It is important to recognize that in many real estate transactions no personal information may be collected by the broker. Instances where brokers are more likely to collect personal information include rental transactions and short sales. For example, a rental application will typically require a prospective tenant’s name and social security number. When the broker takes this application, this means that the broker has now generally collected personal information and needs to ensure that the information is protected in accordance with the regulations. By keeping the application in a locked file cabinet with limited access or shredding it after use, the broker has taken one step to comply with the regulations. It is advised that all brokers review what information is taken from customers and clients, regardless of the type of transaction. Knowing in advance what information you collect will help you develop your WISP and remain in compliance. It is also important to review all forms and information that is collected from consumers to ensure that no unnecessary personal information is being collected. Although the regulations do not specifically address the issue, keep in mind that past transactions with closed files that may remain in the office may contain personal information. Unlike many other laws applicable to brokers and salespersons, the regulations were not written specifically for the real estate industry. Rather, they apply broadly to all industries in Massachusetts that may collect, own or license personal information of residents of the state. We continue to monitor similar legislation on the issue of data security and ID theft have been proposed in Congress but have not been passed into law.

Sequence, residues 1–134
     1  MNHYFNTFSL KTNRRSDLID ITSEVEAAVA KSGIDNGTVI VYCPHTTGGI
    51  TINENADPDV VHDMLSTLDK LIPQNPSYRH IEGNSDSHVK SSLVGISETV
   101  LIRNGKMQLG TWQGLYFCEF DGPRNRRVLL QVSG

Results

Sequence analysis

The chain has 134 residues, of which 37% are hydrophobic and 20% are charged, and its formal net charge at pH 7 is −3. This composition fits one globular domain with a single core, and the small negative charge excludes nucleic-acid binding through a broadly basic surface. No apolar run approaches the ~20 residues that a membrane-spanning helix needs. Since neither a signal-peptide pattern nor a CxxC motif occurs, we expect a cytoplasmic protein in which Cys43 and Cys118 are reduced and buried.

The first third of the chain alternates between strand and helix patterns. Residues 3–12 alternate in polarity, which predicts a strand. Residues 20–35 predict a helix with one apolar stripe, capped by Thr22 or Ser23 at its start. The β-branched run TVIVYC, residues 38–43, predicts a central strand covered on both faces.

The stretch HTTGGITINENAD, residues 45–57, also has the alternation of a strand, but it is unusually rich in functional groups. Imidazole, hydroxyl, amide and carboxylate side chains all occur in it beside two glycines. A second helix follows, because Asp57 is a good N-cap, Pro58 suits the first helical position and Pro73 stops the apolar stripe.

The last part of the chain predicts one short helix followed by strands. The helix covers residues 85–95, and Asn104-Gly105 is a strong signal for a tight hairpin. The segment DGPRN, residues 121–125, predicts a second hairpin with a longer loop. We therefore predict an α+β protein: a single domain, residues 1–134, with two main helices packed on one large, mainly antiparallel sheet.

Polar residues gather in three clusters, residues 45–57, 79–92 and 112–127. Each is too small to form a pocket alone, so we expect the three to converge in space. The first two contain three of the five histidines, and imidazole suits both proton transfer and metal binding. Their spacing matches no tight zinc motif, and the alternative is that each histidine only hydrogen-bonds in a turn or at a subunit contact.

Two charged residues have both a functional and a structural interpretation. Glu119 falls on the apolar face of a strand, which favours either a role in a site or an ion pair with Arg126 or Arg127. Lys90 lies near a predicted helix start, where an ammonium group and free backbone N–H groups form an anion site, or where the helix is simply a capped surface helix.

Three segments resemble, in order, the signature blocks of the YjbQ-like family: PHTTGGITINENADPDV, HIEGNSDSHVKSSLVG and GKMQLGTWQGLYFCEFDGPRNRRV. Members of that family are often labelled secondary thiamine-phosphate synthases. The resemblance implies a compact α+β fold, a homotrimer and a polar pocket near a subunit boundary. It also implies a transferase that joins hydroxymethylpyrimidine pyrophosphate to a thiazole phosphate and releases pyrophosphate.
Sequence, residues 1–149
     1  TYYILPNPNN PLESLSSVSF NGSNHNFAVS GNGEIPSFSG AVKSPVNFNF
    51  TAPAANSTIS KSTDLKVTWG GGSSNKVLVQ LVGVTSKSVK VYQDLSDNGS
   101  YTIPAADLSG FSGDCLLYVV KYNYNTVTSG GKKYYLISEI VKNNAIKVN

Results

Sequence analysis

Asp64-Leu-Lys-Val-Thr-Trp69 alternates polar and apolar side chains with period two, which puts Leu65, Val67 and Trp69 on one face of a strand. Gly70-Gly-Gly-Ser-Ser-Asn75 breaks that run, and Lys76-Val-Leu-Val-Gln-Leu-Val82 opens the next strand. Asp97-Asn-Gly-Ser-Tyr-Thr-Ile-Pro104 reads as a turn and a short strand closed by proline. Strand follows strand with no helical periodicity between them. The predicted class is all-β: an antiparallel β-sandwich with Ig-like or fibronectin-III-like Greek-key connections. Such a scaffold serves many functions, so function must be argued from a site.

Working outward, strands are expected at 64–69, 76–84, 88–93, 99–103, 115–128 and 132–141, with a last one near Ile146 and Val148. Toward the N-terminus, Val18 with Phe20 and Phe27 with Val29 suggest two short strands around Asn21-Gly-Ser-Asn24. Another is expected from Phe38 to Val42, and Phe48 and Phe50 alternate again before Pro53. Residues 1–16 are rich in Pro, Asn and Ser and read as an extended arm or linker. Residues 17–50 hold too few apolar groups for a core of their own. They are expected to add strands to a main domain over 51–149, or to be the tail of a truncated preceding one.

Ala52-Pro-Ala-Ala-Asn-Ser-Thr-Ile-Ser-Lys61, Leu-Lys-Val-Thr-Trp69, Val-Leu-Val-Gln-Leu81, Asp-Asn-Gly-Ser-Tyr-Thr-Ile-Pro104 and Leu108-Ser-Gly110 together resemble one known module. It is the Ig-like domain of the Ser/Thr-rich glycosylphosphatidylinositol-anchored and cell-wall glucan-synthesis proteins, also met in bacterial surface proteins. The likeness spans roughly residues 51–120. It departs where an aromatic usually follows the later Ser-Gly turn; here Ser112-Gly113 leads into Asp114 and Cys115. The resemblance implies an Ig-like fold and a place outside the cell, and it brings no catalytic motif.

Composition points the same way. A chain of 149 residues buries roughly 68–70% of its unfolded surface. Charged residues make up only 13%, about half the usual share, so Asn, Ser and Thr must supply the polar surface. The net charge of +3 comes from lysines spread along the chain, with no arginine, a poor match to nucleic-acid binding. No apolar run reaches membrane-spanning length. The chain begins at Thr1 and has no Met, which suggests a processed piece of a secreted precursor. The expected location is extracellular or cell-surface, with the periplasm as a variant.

What do I have to do to comply?
The new statute and regulations require persons or businesses with personal information to develop a WISP. The scope and complexity of the document will vary depending on the type of personal information you will keep and the resources you have available. The WISP must identify the measures that will be taken to safeguard both electronic and hardcopy files. For example, the regulations state that the WISP must specify “reasonable restrictions upon physical access to records containing personal information and storage of such records and data in locked facilities, storage areas or containers.” The Regulations identify a number of other specific requirements that must be incorporated into the WISP. See the links below for a sample WISP that is posted on the State’s Office of Consumer Affairs website.